Last night the House of Commons passed unopposed a motion to “welcome” the DPP’s guidance, published in February 2010, as well as to encourage advances in palliative care. SPUC Pro-Life has warned that the DPP’s guidance effectively decriminalises assisted suicide by removing any realistic chance of prosecutions for assisting suicide. The guidance was published following the successful court challenge by euthanasia supporter Debbie Purdy. SPUC Pro-Life was an official intervener before the courts in the Purdy case.

Paul Tully, SPUC Pro-Life’s general secretary, told the media:
“Listening to the debate, it was clear that MPs opposed to assisted suicide had the moral high ground. The dangers for vulnerable people were well described by new MPs like Paul Maynard and Fiona Bruce; and long-standing members like Frank Field and Dr John Pugh warned of the serious consequences to which assisted suicide leads. It belies the substance of the debate that the motion was allowed to pass without going to a division. The DPP's prosecuting policy has emptied the Suicide Act, which sets out the crime of assisting suicide, of its meaning and much of its force. The DPP's policy should be rescinded or revised to ensure the the right to life for all."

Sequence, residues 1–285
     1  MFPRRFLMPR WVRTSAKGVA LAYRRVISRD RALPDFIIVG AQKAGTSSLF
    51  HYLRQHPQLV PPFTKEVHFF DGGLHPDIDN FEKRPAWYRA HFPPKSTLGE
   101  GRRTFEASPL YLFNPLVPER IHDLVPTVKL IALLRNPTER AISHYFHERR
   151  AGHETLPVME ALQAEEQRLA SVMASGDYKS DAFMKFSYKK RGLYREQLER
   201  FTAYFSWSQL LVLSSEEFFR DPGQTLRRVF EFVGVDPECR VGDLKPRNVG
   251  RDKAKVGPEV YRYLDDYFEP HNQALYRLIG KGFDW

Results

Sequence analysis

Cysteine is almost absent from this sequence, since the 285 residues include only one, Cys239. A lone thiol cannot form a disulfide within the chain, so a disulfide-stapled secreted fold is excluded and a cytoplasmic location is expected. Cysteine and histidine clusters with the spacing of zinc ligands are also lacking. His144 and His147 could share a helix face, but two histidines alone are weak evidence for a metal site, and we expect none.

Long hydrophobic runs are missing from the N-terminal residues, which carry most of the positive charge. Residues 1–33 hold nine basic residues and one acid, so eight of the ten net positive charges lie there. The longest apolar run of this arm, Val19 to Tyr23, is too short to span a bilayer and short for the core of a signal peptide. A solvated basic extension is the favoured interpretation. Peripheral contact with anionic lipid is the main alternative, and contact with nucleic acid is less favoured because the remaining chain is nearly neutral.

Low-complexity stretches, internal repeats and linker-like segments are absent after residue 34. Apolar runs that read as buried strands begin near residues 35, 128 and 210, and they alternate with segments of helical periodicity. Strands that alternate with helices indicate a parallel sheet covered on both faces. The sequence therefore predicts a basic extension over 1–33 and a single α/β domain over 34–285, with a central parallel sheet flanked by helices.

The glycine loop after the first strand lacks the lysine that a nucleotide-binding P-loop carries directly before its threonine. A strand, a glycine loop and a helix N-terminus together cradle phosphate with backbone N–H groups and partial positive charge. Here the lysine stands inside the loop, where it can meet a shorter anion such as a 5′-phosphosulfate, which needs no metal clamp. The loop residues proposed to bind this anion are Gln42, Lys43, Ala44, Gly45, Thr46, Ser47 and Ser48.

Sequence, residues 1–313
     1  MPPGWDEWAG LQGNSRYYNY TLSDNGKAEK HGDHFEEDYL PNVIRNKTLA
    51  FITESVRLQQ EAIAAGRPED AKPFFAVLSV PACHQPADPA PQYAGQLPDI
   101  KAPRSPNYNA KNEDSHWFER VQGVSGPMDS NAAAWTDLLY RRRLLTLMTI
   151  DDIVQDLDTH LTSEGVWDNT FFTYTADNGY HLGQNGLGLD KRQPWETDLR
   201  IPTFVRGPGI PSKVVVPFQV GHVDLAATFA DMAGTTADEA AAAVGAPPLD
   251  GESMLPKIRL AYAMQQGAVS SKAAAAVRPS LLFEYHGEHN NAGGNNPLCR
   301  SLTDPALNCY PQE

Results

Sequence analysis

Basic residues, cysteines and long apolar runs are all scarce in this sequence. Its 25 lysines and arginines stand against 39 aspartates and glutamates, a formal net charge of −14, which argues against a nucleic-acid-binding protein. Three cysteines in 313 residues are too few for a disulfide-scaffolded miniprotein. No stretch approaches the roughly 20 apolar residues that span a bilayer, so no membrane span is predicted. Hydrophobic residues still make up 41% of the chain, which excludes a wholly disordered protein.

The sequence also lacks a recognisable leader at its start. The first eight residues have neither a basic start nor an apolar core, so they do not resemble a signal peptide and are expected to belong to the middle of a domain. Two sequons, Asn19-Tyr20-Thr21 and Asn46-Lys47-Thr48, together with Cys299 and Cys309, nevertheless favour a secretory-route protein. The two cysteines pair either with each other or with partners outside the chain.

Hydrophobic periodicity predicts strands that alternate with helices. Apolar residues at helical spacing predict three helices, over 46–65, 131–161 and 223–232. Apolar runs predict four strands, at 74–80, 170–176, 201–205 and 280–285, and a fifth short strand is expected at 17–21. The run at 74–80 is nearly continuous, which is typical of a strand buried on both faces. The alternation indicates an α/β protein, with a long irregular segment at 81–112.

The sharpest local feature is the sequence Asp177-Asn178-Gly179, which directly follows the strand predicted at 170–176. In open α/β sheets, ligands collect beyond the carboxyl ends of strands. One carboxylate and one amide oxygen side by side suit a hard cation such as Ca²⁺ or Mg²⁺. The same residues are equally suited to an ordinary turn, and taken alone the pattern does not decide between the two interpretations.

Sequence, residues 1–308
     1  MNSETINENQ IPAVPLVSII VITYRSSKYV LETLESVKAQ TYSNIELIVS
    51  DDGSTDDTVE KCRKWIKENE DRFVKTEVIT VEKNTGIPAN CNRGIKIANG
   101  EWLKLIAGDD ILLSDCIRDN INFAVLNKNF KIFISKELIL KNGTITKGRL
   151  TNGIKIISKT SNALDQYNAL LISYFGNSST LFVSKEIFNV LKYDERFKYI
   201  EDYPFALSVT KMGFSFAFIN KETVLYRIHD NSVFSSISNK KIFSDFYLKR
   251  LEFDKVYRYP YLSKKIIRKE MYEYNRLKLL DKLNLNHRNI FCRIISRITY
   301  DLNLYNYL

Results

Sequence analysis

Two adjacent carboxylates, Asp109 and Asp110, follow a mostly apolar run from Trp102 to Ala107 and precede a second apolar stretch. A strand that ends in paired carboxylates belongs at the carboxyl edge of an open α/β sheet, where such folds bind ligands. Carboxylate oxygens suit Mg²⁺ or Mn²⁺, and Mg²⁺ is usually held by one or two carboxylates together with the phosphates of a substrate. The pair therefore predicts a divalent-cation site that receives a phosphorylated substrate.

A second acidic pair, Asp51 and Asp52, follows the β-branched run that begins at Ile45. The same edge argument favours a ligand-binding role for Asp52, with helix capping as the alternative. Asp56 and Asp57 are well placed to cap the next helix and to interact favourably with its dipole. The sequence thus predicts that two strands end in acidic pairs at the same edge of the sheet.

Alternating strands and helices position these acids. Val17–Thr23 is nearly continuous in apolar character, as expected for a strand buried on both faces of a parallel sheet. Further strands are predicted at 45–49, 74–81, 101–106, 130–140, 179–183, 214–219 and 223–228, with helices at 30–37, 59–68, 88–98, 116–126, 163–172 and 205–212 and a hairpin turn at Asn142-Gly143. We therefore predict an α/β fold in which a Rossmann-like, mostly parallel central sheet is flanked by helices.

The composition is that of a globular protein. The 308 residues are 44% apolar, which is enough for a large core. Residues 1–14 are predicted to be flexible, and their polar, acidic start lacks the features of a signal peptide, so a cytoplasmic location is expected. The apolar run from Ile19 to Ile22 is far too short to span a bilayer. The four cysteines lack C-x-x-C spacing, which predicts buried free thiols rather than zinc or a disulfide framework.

Highlights from the debate included:
  • Ian Paisley Jr MP skewered Richard Ottaway MP’s attempt to manipulate the parameters of the debate.
  • Jacob Rees-Mogg MP asked: How can prosecutors be sure that someone assisting suicide is motivated by compassion, not other factors?
  • David Winnick MP claimed wrongly that multiple sclerosis (MS) patient Debbie Purdy has terminal illness. MS is not a terminal illness.